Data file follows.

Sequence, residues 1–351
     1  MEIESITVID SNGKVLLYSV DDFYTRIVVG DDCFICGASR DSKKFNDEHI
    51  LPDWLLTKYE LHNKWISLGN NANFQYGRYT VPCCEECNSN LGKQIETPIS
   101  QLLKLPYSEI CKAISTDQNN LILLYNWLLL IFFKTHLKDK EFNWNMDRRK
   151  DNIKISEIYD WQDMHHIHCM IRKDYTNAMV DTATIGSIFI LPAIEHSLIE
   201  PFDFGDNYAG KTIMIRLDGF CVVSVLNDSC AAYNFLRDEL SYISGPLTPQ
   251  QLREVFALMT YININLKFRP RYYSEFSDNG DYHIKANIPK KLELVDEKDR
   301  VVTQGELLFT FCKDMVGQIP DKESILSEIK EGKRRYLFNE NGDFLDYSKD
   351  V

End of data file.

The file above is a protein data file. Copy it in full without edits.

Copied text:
Sequence, residues 1–351
     1  MEIESITVID SNGKVLLYSV DDFYTRIVVG DDCFICGASR DSKKFNDEHI
    51  LPDWLLTKYE LHNKWISLGN NANFQYGRYT VPCCEECNSN LGKQIETPIS
   101  QLLKLPYSEI CKAISTDQNN LILLYNWLLL IFFKTHLKDK EFNWNMDRRK
   151  DNIKISEIYD WQDMHHIHCM IRKDYTNAMV DTATIGSIFI LPAIEHSLIE
   201  PFDFGDNYAG KTIMIRLDGF CVVSVLNDSC AAYNFLRDEL SYISGPLTPQ
   251  QLREVFALMT YININLKFRP RYYSEFSDNG DYHIKANIPK KLELVDEKDR
   301  VVTQGELLFT FCKDMVGQIP DKESILSEIK EGKRRYLFNE NGDFLDYSKD
   351  V